There has been major expansion in access to tertiary health care in Bangladesh over the last several years by the active support of the government of the People's Republic of Bangladesh. Currently, there have been establishments of new superspeciality departments in different tertiary public hospitals. Hepatology has also benefited from this growth, and, currently, we have hepatology faculty positions in more than 20 public teaching hospitals across Bangladesh, thus facilitating access to quality, but affordable health care to our liver disease patients.
On the private side, there are several nongovernmental organizations (NGOs) active in this field. They are active in different arenas from creating awareness to providing access to treatment to collaborating with the government machinery to facilitate the battle against hepatitis viruses. In addition to some NGOs in this field, one new NGO, “Forum for the Study of the Liver Bangladesh (FSLB),”4 has become a voting member of the World Hepatitis Alliance (WHA). The FSLB runs its flagship project – Liver Care Research Centre – in the heart of Dhaka city, providing specialist consultation, investigations, antivirals, vaccination, and therapeutic interventions, at discounted rates to hepatitis patients. “Regional Hepatitis Summit 2016” that was joined by FSLB, Communicable Disease Control (CDC) of Directorate General of Health Services (DGHS), and WHA in Dhaka made an impact for the elimination of hepatitis in March 2016. The highlight of the summit was its versatile participant list that included hepatologists, media personalities, intellectuals, journalists, administrators, NGOs, donor agencies, representation from WHA, and regional organizations pursuing the common cause, and, most importantly, members of Patient's Forum, a unique body comprising HBV- and HCV-infected patients, constituted under the auspices of FSLB. Strong government commitment for the cause was evident by the participation of two senior cabinet members at the summit, including the minister in-charge of the Ministry of Health and Family Welfare. The summit, thus, set the momentum for public–private partnership for “elimination.”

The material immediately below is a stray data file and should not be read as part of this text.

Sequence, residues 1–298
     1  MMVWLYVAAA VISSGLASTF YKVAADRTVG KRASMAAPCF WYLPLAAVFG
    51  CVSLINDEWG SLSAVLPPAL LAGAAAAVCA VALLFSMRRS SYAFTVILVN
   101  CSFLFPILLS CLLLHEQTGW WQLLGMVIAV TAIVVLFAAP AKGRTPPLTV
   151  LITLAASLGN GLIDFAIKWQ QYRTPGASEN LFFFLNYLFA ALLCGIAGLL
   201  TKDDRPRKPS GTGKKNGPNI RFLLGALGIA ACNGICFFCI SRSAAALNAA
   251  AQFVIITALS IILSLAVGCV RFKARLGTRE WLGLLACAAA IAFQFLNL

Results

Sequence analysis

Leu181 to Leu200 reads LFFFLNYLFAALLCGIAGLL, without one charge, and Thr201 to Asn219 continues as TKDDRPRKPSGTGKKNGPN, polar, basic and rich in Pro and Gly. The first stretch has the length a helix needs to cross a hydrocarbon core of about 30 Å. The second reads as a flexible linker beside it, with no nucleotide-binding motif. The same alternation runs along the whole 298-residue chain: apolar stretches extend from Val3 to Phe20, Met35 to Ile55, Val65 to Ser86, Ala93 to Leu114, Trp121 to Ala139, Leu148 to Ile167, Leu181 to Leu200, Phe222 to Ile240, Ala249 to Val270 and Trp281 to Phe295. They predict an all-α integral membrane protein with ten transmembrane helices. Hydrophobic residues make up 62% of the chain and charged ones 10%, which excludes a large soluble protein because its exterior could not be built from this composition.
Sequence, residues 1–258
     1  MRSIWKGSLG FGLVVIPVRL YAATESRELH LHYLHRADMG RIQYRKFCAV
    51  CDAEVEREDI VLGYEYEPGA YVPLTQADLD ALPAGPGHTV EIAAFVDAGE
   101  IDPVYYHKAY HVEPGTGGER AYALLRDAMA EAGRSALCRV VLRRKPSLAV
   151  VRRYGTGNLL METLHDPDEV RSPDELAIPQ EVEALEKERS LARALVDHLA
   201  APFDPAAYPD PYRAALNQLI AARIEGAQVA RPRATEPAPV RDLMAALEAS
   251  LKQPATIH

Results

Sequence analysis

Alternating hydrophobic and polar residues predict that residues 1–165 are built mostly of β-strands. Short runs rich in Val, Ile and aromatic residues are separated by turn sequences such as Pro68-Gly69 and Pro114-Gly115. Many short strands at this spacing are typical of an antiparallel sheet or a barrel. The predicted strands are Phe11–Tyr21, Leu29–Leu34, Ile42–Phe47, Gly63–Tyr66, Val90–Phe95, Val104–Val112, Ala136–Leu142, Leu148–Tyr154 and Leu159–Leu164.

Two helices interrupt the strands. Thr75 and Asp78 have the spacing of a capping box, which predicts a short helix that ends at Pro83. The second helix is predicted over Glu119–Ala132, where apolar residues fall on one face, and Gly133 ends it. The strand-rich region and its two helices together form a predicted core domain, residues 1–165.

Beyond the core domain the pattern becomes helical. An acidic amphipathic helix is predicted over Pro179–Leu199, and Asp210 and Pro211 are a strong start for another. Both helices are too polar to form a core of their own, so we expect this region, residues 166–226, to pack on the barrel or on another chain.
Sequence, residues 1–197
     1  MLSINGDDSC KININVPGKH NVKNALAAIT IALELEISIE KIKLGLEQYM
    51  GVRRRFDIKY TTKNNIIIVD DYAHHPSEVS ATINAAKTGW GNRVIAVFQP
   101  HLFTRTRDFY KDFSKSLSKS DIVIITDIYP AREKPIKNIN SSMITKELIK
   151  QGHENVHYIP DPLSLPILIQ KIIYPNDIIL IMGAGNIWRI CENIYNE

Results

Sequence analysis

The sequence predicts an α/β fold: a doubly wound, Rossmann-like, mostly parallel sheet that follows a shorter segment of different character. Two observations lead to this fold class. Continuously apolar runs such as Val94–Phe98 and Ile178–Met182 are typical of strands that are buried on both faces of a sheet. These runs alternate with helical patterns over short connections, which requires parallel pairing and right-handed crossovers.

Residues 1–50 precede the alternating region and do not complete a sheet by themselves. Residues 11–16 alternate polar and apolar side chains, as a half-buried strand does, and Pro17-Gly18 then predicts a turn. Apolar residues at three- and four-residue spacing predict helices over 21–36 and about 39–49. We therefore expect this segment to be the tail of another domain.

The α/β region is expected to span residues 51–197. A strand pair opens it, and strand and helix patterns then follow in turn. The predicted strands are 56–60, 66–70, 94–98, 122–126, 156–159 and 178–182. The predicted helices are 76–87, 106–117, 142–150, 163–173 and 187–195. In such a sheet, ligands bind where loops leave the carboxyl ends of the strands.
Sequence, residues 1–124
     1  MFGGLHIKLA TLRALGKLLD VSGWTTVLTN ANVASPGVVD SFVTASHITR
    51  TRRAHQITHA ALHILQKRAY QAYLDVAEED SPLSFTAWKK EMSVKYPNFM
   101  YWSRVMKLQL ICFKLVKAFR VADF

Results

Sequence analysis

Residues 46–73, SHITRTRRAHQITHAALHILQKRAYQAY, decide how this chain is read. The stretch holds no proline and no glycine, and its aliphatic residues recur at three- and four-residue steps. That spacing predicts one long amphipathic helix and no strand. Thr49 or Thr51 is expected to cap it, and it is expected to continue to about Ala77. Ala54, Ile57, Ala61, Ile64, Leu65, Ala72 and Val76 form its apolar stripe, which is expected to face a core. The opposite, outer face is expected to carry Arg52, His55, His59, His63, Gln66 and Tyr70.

The FSLB is now collaborating with the CDC of DGHS of the Bangladesh government to train physicians in the government health cadre on viral hepatitis. A training module has jointly been developed and, so far, more than 3,000 government physicians have been imparted training. Not only so, advocacy programs on viral hepatitis are being conducted regularly in different public and private teaching hospitals as well as public and private universities jointly.
The World Hepatitis Day (WHD) is now being observed in Bangladesh jointly by several NGOs like FSLB, Viral Hepatitis Foundation Bangladesh, and professional bodies like ASLDB and DGHS. Colorful rallies, theme songs, seminars, free screenings for HBV and HCV, etc., are highlights of observation of WHD in Bangladesh. This important issue has also attracted significant media attention, newspaper articles, and health shows in local electronic media, highlighting the issue that “elimination” is not infrequent in Bangladesh these days.
With this background, although achieving the target of elimination by 2030 appears to be challenging in Bangladesh at this point, the ground is all set and appropriate interventions, if made timely through public–private partnership, for the target may well be achievable. It is to be noted with particular emphasis that the Bangladesh government has set an example in achieving most of the targets of the Millennium Development Goals.